Also, you want to keep in mind that the more popular (more pins tagged) a certain hashtag is the faster your content will get lost in the growing sea of content. However, if the hashtag pool is too small, then it’s unlikely that many people are searching for it/using it and your content likewise will just be lost in anonymity.

Alright, so where do we FIND these hashtags? How do we research which ones are good/popular? 

As far as I know, there currently isn’t any database or anything keeping tabs on hashtag counts on Pinterest. (If you know of one or are running one, please drop a comment and tell us where to find this magical resource!)

The only way to know how many pins are using a specific hashtag is to go pin something. Then, before you actually save it to the board, start typing your hashtag in the description area below the pin image. A drop down box of some suggestions will pop up and tell you how many pins are associated with that tag. Keep in mind that what you see is NOT an exhaustive list.

If your tag doesn’t show up in the drop down, you can search for it in the Pinterest search bar (be sure to include the #) to see how much and what kind of content turns up.

If you’re being super serious about Pinterest’s hashtags, it’s probably going to take awhile to find the ones that are best for you and you’ll probably have to change them up every so often as new hashtags gain popularity and others become too popular for your content to compete.

My personal opinion is that, unlike on Instagram or Twitter, hashtags on Pinterest are NOT a make-or-break strategy. This is because they are not the only way to get found or search for content on Pinterest (there are a myriad of ways to be found on Pinterest). As such, it seems counterproductive to spend too much time researching and worrying about them.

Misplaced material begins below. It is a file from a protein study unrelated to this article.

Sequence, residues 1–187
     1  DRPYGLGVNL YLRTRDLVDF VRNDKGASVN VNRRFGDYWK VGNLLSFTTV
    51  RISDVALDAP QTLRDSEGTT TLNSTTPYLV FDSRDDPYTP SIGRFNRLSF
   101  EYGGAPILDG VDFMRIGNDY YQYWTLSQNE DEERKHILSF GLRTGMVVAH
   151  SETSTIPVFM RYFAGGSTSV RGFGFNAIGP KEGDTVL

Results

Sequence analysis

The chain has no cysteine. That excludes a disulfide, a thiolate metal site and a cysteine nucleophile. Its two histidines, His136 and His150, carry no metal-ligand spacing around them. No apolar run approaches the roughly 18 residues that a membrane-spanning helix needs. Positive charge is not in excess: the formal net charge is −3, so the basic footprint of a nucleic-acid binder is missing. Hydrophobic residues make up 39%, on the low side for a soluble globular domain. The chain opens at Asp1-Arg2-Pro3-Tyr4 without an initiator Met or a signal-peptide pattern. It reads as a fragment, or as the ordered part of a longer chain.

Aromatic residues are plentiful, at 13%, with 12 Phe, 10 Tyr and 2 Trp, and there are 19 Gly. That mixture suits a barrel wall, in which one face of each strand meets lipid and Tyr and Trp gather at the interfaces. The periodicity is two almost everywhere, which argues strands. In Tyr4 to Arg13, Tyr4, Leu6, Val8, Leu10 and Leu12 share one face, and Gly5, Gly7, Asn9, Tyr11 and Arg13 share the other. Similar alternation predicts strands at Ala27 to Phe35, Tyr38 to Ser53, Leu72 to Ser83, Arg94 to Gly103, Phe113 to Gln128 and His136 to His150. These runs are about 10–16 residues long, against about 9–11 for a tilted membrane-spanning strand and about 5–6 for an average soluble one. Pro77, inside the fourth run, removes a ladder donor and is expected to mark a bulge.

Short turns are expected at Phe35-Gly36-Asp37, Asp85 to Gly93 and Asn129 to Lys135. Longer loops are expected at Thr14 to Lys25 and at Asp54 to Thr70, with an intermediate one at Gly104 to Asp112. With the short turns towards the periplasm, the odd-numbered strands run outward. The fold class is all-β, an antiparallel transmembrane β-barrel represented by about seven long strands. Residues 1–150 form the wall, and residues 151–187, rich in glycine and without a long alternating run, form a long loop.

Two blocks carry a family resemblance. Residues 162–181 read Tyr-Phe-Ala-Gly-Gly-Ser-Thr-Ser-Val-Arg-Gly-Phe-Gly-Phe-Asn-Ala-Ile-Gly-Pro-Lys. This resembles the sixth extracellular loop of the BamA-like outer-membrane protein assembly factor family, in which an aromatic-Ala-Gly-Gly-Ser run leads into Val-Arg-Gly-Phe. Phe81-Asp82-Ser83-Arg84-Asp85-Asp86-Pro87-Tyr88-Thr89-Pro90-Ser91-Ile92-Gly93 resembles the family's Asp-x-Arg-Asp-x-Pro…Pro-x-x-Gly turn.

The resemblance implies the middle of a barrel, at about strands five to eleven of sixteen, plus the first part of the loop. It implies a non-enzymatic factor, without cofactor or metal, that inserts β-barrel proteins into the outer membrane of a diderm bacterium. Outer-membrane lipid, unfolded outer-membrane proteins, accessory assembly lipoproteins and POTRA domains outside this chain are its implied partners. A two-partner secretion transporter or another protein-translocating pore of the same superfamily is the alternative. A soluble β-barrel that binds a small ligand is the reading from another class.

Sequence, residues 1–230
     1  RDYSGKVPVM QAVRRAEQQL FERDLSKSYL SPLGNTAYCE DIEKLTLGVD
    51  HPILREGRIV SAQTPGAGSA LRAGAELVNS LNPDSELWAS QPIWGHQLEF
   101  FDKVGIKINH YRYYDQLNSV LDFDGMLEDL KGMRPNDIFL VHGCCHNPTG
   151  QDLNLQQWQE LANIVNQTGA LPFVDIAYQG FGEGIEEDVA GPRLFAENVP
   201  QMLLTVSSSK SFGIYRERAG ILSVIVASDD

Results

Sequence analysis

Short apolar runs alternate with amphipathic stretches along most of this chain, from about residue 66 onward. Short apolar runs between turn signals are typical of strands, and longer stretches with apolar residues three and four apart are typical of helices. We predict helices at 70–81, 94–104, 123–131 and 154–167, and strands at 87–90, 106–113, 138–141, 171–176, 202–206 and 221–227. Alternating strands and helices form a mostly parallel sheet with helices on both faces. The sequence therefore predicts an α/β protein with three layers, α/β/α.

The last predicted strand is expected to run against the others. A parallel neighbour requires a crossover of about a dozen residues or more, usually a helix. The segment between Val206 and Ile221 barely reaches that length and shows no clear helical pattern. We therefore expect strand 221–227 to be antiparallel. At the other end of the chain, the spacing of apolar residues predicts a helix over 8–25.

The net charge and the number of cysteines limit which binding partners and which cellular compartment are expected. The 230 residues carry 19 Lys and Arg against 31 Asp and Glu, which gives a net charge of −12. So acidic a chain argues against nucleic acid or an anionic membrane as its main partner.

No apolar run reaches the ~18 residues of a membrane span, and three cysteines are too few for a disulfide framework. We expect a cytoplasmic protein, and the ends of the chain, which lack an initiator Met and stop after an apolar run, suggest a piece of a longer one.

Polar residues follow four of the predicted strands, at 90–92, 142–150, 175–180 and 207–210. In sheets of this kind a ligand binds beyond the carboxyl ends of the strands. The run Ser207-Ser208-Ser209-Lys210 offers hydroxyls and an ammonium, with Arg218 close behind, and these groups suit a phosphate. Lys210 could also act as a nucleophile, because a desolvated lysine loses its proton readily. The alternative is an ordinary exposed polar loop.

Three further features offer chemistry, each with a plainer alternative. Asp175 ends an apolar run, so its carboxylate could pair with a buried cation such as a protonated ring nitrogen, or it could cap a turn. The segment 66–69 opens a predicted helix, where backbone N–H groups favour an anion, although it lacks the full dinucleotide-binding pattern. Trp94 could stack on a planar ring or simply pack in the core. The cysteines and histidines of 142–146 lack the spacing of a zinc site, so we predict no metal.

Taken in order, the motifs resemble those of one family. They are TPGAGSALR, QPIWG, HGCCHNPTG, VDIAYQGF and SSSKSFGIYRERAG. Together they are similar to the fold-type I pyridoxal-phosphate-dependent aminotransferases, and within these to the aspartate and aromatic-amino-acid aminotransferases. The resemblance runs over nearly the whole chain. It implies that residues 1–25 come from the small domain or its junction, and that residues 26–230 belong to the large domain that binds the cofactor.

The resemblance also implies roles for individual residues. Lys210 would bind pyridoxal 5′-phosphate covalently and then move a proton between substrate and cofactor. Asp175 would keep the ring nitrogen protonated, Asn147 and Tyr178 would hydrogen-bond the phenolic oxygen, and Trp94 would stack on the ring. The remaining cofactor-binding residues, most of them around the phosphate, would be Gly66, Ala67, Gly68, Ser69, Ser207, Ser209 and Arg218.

Use hashtags on your pins, sure. But honestly? You can probably throw up a few hashtags (try to use the same ones over) on your pins and call it good. Focus your time and attention on creating good SEO elsewhere on Pinterest and consistently pinning quality content, both your own and from other pinners, and you’ll do just fine – even if your hashtags aren’t 100% perfect.

xoxo


FREE Pinterest MINI Course: get your Pinterest page in shape in just 10 days!

 

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Marissa is a self-proclaimed Pinterest addict. She lives in a small town just outside Louisville, Ky with her husband, 1-2 kids (depending on the time of year), and their Australian Blue Heeler. Outside of her Pinterest passion, she enjoys all things autumn, getting lost in good books, and exploring the city. She is always looking for new places and spaces to experience!

How to Strategically Use Pinterest Board Sections

How to use Pinterest Board Sections, strategically for your business and marketing.

Happy 2018! Yeah, I know it’s been 2018 for a whole month now. I’m just now getting back in the full groove of things. It’s been a terrible flu season and my house was NOT exempt. :/